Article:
Didn’t stop a wave of guilt and remorse from winding through him. He had hurt her.

“Kaia,” he began, then paused. He didn’t know what else to say.

In the distance, a twig had snapped.

Both he and Kaia stil ed, not even daring to breathe. They waited…waited…but no other sounds were forthcoming.

Neither relaxed their guard, however. They knew.

The Hunters had final y arrived.

How many men had Haidee’s man brought with him?

Defeat started humming again, prowling through Strider’s head as he focused on the battle. Win. Win, win, win.

Strider leaned into the rifle he’d propped at his side, studying his surroundings through the night-vision scope.

Night-vision was both a blessing and a curse. Using the scope cut through the darkness, sure, but afterward, he wouldn’t be able to see shit without it, even in the light.

There. He spotted…six men inching toward the camp. A slight adjustment of his alignment, and he saw…six more men doing the same on the other side. Twelve soldiers, then. Unless there were more behind him, of course, and he would bet his ass there were.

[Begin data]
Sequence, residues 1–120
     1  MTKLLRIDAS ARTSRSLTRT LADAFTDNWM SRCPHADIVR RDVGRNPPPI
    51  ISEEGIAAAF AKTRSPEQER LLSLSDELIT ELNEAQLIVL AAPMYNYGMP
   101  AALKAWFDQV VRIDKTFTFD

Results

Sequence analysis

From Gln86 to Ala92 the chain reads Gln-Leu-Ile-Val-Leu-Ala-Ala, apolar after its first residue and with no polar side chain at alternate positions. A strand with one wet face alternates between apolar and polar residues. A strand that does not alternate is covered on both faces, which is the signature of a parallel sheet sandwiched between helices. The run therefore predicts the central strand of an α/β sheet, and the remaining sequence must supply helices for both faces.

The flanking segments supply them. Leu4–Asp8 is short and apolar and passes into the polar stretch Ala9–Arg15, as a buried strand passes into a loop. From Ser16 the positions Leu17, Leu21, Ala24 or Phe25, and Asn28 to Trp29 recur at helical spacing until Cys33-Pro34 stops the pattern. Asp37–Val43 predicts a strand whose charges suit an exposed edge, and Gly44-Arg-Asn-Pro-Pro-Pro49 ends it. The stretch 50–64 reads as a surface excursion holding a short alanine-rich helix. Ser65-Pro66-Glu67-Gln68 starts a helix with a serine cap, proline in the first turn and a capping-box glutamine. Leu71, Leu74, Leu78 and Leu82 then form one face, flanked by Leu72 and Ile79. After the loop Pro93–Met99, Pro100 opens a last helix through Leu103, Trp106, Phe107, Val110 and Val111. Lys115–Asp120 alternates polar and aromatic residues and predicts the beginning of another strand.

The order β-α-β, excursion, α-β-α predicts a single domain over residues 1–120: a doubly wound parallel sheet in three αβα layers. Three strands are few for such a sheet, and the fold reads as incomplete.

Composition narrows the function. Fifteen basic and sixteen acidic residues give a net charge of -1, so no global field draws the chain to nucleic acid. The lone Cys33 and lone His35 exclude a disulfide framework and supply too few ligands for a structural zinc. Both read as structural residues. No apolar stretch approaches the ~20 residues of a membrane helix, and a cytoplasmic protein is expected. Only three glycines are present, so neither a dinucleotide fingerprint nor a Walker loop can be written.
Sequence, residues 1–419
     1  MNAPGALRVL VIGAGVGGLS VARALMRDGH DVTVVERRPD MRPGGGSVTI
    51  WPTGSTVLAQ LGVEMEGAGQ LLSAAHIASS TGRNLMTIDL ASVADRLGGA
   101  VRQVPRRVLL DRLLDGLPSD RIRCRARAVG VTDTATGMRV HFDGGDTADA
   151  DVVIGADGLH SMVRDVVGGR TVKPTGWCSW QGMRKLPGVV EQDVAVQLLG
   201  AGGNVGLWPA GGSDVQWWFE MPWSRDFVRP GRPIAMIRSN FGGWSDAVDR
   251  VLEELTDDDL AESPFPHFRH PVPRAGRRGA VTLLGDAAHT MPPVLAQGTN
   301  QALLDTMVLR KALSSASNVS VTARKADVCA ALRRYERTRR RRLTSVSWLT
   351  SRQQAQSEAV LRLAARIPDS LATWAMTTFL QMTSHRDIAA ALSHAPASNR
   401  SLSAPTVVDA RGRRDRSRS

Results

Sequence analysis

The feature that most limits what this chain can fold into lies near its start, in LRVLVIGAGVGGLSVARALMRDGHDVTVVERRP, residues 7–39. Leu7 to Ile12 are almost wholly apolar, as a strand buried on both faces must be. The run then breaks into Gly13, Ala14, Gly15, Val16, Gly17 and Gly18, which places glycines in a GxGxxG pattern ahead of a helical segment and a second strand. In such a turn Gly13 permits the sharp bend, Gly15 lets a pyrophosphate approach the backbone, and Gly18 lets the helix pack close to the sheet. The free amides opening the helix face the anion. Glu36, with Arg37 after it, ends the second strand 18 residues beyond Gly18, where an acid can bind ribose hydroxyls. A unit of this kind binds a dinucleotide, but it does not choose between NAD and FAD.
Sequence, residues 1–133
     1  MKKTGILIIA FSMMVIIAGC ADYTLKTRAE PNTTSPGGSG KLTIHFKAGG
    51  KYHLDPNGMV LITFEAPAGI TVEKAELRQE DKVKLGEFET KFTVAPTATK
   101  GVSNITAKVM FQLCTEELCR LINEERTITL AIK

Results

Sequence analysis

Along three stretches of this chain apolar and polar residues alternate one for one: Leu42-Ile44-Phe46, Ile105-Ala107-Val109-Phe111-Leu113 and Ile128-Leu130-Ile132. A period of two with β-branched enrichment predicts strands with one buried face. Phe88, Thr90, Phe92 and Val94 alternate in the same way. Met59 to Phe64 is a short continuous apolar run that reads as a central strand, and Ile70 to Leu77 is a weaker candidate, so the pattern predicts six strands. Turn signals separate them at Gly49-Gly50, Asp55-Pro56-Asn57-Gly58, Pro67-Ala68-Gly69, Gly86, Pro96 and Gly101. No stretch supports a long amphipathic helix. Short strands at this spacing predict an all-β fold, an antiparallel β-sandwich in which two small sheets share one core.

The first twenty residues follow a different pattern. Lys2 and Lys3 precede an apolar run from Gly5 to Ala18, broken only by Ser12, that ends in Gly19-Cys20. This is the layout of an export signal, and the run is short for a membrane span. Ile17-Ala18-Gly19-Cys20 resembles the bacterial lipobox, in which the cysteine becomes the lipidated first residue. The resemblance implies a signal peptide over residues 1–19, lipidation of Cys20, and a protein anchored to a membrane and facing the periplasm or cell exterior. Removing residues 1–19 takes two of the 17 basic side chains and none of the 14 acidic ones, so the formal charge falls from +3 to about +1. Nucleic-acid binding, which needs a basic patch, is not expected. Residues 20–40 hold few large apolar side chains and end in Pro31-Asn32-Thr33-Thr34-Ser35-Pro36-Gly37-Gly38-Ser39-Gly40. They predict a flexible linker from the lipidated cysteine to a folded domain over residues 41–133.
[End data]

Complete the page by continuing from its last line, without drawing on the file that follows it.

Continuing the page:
His heartbeat quickened with a hot surge of excitement.

Much as he’d chastised Kaia, he real y did love to fight. He loved the adrenaline rush, the knowledge that he was one step closer to final y winning the war with the Hunters.

The branch he perched upon suddenly shuddered the slightest bit. His jaw clenched as the leaves rattled together, announcing his location. Kaia had just jumped down. No one seemed to notice her, or him, however.

Win, Defeat said. Win!

I know. I wil .

A shriek rent the air. A Harpy’s high-pitched shriek.

A second later, he heard a pop and a whiz. The sounds of silencers, bul ets. Next he heard a crack. The sound of a target being hit. The lawn chair shook, the dummy’s body jolting.